Applications

GONIAT has already been used widely for the creation of comprehensive catalogues. The main data source of the work on Devonian ammonoids (Korn and Klug, 2002) was based on GONIAT. The Carboniferous/Permian volume of the Treatise on Invertebrate Paleontology, the revision of part L, will be partly connected with GONIAT.

Critical intervals in the history of ammonoids can be easily described by using GONIAT. The quantitative aspect of ammonoid evolution during the Pennsylvanian (Upper Carboniferous) may serve as an example (Kullmann, 2002). On the family level, high turnover rates (Fig. 4.2) are evident at three turning points (Table 4.1): (1) at the Yeadonian/Langsettian boundary [YLB, between Namurian/Westphalian (Eurasia) or Halian-Bloydian (America)], four families became extinct and five appeared; (2) around the Moscovian/Kasimovian boundary [MKB, Eurasia or Desmoinesian/ Missourian (America)], two or three families became extinct, three families appeared, and two or three families started to proliferate; and (3) at the Carboniferous-Permian boundary (CPB), five families became extinct and two appeared. The unusually high changeover rate of genera corroborates this impression: in the Yeadonian, 57% of the genera became extinct (16 out of 28), in the Kasimovian (Missourian), 42.3% (11 out of 26), and in the upper Gzhelian (late Virgilian), 46.5% (13 out of 28); in cases (1) and (3), the rate of surviving genera was rather low.

The qualitative analysis of the critical intervals shows a considerable change in the main characters of ornamentation and suture line, whereas the conch form does not vary fundamentally. Below the YLB, half of the species are strongly ornamented. In the early Moscovian, provincialism expanded; the neritic, strongly ornamented gas-trioceratids were replaced by the smooth-shelled pelagic glaphyritids.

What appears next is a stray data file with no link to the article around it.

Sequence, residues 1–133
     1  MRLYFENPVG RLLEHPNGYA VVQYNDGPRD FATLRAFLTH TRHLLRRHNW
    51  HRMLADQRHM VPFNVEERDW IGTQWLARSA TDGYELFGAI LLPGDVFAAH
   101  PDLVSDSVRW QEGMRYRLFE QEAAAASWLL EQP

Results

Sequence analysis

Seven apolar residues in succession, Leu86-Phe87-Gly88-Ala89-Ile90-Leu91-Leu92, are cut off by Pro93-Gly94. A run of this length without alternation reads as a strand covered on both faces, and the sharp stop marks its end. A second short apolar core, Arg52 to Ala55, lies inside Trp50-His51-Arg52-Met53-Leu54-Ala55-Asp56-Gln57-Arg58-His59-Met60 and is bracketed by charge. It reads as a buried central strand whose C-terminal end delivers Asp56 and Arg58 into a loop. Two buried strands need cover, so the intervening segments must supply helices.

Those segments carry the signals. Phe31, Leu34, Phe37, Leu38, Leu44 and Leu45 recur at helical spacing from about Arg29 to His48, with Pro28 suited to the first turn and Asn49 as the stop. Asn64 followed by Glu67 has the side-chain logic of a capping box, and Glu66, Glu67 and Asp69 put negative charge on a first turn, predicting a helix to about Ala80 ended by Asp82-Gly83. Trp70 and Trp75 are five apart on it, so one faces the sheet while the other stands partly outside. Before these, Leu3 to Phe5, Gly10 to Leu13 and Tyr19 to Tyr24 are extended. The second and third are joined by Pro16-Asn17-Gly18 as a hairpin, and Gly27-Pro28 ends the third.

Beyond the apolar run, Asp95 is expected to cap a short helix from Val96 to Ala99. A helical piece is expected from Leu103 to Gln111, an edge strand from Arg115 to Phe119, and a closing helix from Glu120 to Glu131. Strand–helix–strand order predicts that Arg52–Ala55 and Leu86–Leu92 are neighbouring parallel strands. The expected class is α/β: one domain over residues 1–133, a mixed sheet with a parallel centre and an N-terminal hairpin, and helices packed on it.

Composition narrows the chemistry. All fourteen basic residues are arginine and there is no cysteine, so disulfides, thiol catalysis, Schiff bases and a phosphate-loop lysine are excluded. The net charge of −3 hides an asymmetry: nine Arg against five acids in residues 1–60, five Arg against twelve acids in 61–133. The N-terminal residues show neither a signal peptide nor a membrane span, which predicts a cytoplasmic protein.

Approximately 90% of the existing species became extinct at the MKB and were replaced by goniatitids and prolecanitids showing a considerable increase in suture elements, frequently with subdivided and partly digitate sutures. At the CPB, the number of simple goniatites with a low number of lobes was strongly reduced and replaced by multilobate goniatitids with enormously complicated sutures. In general, the fluctuations of the ammonoid faunas during the critical intervals showed comparable patterns: a stepwise decline in diversity, a low point, an initiation point for new characters, and later stepwise increased evolutionary diversification.

Fig. 4.2 Chart showing the range of Late Carboniferous and Early Permian ammonoid families. Abbreviations: Y, Yeadonian substage; Langs., Langstettian substage (=West-phalian B); Du., Duckmantian substage (=Westphalian B); Bol., Bolsovian substage (=Westphalian C); Kasim, Kasimovian stage; Miss., Missourian stage.

Fig. 4.2 Chart showing the range of Late Carboniferous and Early Permian ammonoid families. Abbreviations: Y, Yeadonian substage; Langs., Langstettian substage (=West-phalian B); Du., Duckmantian substage (=Westphalian B); Bol., Bolsovian substage (=Westphalian C); Kasim, Kasimovian stage; Miss., Missourian stage.

Table 4.1. Global time planes as used in GONIAT version 3.0 (left of dash: below boundary; right of dash: above boundary).

288 Asselian-Sakmarian

292 CPB,Carboniferous-Permian Boundary,base of Permian

295 Lower Gzhelian-upper Gzhelian

297 Kasimovian-Gzhelian, Missourian-Virgilian

301 Moscovian-Kasimovian, Desmoinesian-Missourian

306 Atokan-Demoinesian (Kashirian-Podolskian)

308 Bolsovian-Westphalian D

311 Morrowan-Atokan, Duckmantian-Bolsovian

313,5 Langsettian-Duckmantian

314,5 Bashkirian-Moscovian

316,5 Namurian-Westphalian, Yeadonian-Langsettian, Halian-Bloydian

317,5 Marsdenian-Yeadonian

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